India’s government has announced that it plans to build 11 LNG import terminals over the next seven years as part of the nation’s plans to have natural gas contribute 15 percent of its energy mix by 2020.
India already has four LNG import terminals (Petronet’s Dahej and Kochi LNG terminals, Shell’s Hazira plant and the Dabhol terminal operated by Ratnagiri Gas and Power) and imports around 20 million tons of LNG a year, about 6.5 percent of its energy needs.
A Reuters news report states that Narendra Taneja, spokesman for the ruling Bharatiya Janata Party, said the plans would increase India’s LNG import capacity to more than 70 million tons per year. India would eventually require even more than 15 terminals to meet its demand, Taneja said, speaking at an industry conference in Bali, Indonesia.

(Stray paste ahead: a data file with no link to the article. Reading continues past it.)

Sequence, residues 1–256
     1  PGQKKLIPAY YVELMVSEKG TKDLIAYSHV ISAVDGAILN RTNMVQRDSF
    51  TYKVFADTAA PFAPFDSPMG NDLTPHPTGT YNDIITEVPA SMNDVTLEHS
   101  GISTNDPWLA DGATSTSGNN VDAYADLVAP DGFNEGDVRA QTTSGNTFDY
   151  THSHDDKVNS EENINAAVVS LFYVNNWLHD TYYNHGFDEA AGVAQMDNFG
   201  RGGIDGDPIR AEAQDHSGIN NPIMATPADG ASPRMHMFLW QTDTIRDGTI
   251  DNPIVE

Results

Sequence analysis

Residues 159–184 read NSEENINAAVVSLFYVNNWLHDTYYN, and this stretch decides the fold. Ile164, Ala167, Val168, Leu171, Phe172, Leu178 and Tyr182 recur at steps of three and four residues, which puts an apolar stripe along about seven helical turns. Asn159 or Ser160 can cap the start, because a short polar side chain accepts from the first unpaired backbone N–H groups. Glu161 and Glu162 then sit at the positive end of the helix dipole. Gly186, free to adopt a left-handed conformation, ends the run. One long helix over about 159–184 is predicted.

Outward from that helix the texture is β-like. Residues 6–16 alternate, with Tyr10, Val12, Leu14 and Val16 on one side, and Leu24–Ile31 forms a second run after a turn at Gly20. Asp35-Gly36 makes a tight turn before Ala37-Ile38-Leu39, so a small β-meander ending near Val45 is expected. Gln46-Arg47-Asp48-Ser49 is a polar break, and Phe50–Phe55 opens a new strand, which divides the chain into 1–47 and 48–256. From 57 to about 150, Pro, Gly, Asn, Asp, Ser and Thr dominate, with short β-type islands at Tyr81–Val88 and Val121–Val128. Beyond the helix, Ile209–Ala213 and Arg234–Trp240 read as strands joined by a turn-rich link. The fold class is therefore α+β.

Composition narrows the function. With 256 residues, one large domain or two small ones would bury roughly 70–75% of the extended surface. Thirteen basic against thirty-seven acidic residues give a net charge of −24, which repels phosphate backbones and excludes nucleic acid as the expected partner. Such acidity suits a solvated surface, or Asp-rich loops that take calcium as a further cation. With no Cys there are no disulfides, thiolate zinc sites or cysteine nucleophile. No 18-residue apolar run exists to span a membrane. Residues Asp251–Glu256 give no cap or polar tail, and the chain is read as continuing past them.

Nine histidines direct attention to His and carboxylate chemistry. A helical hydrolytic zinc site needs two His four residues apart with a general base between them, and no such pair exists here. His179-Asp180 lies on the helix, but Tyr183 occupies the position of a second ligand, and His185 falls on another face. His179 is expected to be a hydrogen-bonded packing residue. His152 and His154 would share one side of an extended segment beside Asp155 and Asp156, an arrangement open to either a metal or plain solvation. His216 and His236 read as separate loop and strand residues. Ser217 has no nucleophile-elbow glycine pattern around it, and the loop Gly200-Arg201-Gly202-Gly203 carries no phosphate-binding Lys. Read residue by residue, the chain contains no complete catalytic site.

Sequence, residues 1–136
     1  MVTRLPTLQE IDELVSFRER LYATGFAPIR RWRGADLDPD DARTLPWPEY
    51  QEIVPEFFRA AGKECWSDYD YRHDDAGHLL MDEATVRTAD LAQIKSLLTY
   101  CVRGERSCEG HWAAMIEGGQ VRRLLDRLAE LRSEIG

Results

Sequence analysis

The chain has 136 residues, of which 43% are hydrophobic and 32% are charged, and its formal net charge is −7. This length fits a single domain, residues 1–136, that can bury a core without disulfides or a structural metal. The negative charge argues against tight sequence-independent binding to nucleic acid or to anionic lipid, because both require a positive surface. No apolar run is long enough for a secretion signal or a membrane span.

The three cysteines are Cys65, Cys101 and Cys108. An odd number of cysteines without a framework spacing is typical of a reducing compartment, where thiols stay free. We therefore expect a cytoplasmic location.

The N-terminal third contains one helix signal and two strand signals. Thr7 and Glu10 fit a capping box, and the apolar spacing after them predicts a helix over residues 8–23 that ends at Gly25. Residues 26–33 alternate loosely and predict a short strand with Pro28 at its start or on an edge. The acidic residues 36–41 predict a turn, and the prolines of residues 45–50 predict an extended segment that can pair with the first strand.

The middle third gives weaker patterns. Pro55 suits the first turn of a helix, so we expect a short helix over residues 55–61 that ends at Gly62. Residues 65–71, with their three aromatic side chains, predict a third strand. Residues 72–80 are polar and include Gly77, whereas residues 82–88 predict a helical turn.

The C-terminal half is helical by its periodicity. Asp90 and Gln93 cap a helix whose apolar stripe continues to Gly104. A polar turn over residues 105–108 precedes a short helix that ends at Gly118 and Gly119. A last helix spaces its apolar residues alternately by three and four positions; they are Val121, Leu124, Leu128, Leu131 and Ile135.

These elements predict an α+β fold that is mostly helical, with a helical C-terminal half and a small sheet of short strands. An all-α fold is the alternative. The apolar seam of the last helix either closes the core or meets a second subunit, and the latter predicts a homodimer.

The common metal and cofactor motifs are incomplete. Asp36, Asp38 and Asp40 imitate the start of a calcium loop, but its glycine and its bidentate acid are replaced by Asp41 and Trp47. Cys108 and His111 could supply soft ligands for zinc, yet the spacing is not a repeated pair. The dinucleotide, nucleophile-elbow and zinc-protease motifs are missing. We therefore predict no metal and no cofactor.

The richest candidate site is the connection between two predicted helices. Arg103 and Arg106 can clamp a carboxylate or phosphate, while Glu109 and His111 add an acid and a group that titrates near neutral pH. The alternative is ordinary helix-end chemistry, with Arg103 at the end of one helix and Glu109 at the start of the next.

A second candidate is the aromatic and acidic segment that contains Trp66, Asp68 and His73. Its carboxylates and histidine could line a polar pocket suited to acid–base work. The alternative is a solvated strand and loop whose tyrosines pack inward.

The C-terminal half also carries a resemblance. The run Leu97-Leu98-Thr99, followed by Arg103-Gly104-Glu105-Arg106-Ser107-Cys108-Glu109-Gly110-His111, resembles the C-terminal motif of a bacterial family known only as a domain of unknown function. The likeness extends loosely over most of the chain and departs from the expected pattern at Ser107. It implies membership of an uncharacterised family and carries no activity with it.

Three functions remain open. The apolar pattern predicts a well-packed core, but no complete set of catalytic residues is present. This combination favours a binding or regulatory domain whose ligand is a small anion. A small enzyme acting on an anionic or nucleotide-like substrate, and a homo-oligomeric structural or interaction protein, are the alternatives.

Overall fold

India plans to electrify millions of households that currently use wood for fuel. It also plans to reduce reliance on coal and use the LNG to provide power for electric vehicles. India anticipates that all new cars sold will be electric by 2030. Taneja said the nation is looking to provide LNG for bunkering, including setting up a facility at Kochi port.